Barton Deiters -
GRAND RAPIDS, Mich. (WOOD) -- Gerrymandering: a topic that hearkens back to yawn-inducing high school civics classes but has a real impact on democracy.
In Michigan, districts are drawn up every 10 years by whichever party is in power. That has led to the way districts are divided sometimes bearing little resemblance to the will of the voters.
A grassroots effort started by a recent Aquinas College graduate and Caledonia resident aims to change that.
"We literally started from a Facebook post," said Katie Fahey, president and treasurer of "Voters – Not Politicians."
Fahey said that post in November has grown to a movement of more than 7,000 volunteers, including herself. She works full-time in Lansing.
"Michiganders were sick of the status quo. In the primaries, we voted for Bernie Sanders, we voted for Donald Trump and both of them are kind of those anti-establishment characters," Fahey said.
"You get these districts with tiny little funny shapes," said Erika King, political science professor at Grand Valley State University. "So you can do all sorts of things and that is considered legal."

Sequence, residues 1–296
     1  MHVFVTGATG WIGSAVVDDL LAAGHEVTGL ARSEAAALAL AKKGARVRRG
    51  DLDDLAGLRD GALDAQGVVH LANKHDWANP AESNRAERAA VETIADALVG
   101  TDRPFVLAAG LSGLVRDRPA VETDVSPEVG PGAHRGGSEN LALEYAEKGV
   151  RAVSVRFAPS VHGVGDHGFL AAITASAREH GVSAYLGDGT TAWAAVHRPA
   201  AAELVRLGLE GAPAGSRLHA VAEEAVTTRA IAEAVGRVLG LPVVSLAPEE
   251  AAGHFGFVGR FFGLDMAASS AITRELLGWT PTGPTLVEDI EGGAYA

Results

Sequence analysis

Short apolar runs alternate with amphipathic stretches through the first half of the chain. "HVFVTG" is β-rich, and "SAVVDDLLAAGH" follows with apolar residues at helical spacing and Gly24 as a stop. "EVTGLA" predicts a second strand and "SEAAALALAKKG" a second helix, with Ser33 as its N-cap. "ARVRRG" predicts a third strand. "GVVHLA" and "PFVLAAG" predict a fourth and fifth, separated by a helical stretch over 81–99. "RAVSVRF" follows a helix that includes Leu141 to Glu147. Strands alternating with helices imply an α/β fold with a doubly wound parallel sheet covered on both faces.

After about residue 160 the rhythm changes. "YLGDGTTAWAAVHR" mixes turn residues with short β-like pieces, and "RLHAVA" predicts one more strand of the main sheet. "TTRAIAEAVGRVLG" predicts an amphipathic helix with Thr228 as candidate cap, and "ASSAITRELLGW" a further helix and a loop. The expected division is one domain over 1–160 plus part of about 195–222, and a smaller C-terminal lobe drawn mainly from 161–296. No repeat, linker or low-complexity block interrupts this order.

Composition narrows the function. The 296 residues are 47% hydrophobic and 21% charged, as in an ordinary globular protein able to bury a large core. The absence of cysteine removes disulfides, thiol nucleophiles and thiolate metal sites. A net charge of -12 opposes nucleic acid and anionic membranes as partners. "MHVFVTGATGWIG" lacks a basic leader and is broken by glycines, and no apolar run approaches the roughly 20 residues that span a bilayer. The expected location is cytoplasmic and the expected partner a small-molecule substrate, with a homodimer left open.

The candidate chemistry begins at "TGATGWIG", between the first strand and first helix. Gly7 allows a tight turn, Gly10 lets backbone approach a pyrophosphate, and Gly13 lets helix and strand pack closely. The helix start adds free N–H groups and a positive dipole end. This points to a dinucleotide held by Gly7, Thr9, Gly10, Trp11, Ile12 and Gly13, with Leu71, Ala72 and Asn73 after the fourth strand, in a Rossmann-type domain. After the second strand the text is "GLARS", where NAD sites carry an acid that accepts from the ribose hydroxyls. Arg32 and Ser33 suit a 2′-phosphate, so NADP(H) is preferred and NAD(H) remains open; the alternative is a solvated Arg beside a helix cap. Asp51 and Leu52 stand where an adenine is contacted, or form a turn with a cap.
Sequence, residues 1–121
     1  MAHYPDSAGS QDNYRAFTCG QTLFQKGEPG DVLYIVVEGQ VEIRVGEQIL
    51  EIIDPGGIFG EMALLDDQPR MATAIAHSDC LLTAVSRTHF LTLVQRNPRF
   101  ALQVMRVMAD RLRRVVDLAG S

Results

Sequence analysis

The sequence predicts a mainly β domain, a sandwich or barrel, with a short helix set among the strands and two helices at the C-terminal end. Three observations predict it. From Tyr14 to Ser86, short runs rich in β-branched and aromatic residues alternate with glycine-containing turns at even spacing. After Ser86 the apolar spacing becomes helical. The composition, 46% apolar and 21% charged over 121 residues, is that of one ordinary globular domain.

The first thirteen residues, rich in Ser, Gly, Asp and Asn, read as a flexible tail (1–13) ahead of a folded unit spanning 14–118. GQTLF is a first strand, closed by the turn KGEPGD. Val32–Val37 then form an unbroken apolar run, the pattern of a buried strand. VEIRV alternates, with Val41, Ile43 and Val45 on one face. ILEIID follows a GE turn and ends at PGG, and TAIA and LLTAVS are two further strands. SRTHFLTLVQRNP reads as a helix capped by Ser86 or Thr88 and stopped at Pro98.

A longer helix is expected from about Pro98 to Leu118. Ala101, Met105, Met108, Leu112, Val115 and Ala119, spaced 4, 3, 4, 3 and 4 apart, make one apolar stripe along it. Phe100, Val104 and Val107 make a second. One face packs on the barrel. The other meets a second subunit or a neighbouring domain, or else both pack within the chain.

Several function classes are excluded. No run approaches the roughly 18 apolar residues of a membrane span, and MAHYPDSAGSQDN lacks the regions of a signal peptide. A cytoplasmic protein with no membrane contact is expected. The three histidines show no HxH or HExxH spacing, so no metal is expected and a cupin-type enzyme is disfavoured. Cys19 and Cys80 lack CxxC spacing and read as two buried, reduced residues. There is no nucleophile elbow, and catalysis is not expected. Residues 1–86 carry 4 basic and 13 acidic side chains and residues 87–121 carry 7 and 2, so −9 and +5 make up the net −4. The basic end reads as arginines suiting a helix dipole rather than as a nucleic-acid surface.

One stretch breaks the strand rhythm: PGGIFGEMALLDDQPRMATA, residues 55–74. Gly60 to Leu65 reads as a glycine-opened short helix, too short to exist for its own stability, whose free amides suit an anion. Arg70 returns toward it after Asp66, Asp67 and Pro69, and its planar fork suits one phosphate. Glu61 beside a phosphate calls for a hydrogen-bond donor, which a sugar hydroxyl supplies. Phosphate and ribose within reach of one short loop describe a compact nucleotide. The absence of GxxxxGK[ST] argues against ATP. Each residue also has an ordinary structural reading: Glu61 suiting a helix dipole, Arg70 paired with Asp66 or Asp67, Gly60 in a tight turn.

The ballot proposal would mean the congressional districts at the state and national level would move out of the hands of the elected officials who have a vested interest in keeping things the way they are.
"Most of the districts in the United States are pretty one-sided. There are some competitive districts, but they are in the minority," King said. "And it's done, by the way, in every state of the United States by both political parties."
The group is awaiting approval from the state Board of Elections before it can begin gathering signatures.
"There's been numerous bills that have been introduced and never adopted and if they're not going to do anything, the people of Michigan will," Fahey said. "There's always going to be a conflict of interest in regards to our legislators. They're drawing the lines for the elections they are then running in."
The group needs to have 316,000 valid signatures to get the issue before voters, meaning they really have to gather 500,000 to be safe.
Fahey says her group has no big money behind it. She says Voters – Not Politicians is 100 percent volunteer work and funded by small donations. The group posts their finance records online to prove it.
"If we don't fix this, we'll never really have our legislators being as responsive as they should be," Fahey said.
In the U.S., 37 of 50 states draw their districts the way Michigan does.
In those states that use nonpartisan commissions like the one proposed here, there have been court battles, including a case out of Wisconsin that is before the U.S. Supreme Court.
It appears there has yet to be a solution that pleases everyone.
"This is correct," King said "This is called politics."